Printed wood, with grain and all

It’s sometimes ironic to look at 3D printing amongst solutions for more sustainable living, since most of the examples we see are printed in… plastic. There are a number of projects and tools to use recycled plastic and/or recycle what you print, but this one is a new twist. Transforming another by-product into a new printing material.

Desktop Metal has developed a way of using sawdust to make a printing material, which is then used to create wood-like objects.

[A]s counter-intuitive as 3D printed wood sounds, it’s actually a very smart use of material. Using byproducts of wood production, like sawdust and paper pulp, they are able to combine it with lignin and a binding agent, and create stunning objects that look like they were carved out of blocks of wood.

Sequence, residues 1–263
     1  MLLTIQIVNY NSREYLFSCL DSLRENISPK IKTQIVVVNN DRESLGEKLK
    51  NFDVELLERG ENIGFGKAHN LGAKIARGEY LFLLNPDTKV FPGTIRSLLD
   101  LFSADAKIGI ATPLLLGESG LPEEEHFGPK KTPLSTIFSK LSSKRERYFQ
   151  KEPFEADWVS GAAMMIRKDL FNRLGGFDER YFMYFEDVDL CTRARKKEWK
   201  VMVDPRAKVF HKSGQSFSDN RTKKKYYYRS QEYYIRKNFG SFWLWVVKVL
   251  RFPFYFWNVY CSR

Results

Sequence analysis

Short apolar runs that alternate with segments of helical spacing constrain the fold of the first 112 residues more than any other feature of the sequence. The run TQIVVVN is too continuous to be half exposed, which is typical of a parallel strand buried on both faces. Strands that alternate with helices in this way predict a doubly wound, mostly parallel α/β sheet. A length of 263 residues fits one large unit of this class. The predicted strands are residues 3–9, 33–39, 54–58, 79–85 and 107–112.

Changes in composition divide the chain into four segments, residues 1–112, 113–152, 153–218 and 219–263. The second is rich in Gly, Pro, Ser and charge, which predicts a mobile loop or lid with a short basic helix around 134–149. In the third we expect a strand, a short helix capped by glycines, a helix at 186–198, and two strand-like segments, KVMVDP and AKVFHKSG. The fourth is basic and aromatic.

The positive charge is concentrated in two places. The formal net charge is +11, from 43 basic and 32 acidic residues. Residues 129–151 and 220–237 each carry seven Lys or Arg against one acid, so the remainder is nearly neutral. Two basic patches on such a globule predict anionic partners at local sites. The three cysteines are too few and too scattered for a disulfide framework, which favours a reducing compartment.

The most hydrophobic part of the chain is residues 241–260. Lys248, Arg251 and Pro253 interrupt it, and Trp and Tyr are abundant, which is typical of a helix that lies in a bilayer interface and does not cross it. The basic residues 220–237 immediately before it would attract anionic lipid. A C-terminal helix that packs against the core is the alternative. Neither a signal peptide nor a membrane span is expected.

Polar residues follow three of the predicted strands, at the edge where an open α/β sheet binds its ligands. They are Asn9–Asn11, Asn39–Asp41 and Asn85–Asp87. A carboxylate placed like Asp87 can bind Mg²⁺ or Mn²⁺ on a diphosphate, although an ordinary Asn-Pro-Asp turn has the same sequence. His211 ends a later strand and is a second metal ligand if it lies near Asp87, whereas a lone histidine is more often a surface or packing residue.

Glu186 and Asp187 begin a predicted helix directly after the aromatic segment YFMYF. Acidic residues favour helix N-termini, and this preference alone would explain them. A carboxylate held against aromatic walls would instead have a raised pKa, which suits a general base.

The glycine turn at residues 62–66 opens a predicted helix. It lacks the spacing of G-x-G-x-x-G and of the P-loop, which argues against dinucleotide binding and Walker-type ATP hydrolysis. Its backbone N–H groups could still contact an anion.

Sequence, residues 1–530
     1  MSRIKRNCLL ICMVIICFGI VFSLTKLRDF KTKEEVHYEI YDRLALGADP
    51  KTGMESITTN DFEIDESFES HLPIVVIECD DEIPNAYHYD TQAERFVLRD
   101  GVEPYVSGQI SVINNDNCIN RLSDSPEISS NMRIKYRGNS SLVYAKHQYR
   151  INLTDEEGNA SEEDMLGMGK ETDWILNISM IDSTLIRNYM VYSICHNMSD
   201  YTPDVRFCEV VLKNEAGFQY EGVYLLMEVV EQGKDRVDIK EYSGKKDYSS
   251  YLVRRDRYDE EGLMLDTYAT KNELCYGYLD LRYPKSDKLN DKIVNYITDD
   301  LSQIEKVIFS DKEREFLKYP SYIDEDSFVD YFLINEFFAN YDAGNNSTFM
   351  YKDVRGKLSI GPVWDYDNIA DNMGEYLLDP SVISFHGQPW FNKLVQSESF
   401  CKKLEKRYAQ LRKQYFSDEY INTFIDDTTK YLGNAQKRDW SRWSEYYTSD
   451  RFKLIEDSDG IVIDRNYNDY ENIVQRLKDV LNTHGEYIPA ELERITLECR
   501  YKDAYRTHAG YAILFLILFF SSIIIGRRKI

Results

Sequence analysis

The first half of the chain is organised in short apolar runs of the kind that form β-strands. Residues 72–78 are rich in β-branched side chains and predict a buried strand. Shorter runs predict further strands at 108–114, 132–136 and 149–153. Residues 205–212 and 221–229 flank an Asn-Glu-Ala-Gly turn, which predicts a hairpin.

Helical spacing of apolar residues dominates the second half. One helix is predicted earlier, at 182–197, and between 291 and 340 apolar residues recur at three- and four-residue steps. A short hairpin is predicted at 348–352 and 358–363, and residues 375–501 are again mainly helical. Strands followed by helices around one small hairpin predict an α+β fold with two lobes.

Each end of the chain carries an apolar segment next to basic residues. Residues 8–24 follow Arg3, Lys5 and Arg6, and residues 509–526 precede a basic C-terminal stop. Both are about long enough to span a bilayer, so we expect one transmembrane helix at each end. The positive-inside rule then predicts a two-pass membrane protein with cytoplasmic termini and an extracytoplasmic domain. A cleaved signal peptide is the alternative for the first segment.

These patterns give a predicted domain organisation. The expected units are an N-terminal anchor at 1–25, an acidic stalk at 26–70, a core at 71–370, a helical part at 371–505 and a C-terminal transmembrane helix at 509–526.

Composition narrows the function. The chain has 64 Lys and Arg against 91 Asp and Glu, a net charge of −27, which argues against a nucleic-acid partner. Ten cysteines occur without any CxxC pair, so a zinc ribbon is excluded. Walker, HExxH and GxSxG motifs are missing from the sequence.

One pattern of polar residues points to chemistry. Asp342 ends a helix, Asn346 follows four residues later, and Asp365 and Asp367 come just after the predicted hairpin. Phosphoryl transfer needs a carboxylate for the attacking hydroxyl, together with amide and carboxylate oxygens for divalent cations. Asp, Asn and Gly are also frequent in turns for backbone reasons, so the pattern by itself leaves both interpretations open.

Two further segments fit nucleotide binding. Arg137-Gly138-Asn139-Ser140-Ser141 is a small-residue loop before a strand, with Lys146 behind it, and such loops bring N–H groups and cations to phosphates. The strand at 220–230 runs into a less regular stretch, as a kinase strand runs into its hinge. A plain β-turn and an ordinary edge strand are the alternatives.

Because 3D printing is actually an additive process, creating objects layer by layer, this new technology, in a way, replicates the wood grain. The layers of material can be used to fake the rings in real wood, and since the bulk of the printing matter is actual wood, some treatments like colouring and varnish actually work in much the same way.

This is the kind of innovation that might lead to more sustainable modes of living, using more of each tree by transforming the sawdust, a less polluting printing material, and even the potential for re-use by grounding-up unrepairable wood objects and turning them into something new as printed things.

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